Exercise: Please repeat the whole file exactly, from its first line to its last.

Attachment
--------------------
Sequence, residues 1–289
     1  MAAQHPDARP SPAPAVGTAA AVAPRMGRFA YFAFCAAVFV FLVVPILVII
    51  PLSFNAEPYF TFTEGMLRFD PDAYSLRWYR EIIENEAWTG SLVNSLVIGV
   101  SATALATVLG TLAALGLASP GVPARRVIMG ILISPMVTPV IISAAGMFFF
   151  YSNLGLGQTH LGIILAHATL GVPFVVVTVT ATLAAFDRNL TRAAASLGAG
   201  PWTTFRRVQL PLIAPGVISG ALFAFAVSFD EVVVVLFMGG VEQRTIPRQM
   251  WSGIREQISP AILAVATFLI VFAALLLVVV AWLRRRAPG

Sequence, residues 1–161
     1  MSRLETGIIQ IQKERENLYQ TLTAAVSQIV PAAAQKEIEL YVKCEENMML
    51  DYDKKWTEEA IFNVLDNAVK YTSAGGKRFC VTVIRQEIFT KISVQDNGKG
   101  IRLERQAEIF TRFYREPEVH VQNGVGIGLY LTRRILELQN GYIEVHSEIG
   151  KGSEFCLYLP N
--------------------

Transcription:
Sequence, residues 1–289
     1  MAAQHPDARP SPAPAVGTAA AVAPRMGRFA YFAFCAAVFV FLVVPILVII
    51  PLSFNAEPYF TFTEGMLRFD PDAYSLRWYR EIIENEAWTG SLVNSLVIGV
   101  SATALATVLG TLAALGLASP GVPARRVIMG ILISPMVTPV IISAAGMFFF
   151  YSNLGLGQTH LGIILAHATL GVPFVVVTVT ATLAAFDRNL TRAAASLGAG
   201  PWTTFRRVQL PLIAPGVISG ALFAFAVSFD EVVVVLFMGG VEQRTIPRQM
   251  WSGIREQISP AILAVATFLI VFAALLLVVV AWLRRRAPG

Sequence, residues 1–161
     1  MSRLETGIIQ IQKERENLYQ TLTAAVSQIV PAAAQKEIEL YVKCEENMML
    51  DYDKKWTEEA IFNVLDNAVK YTSAGGKRFC VTVIRQEIFT KISVQDNGKG
   101  IRLERQAEIF TRFYREPEVH VQNGVGIGLY LTRRILELQN GYIEVHSEIG
   151  KGSEFCLYLP N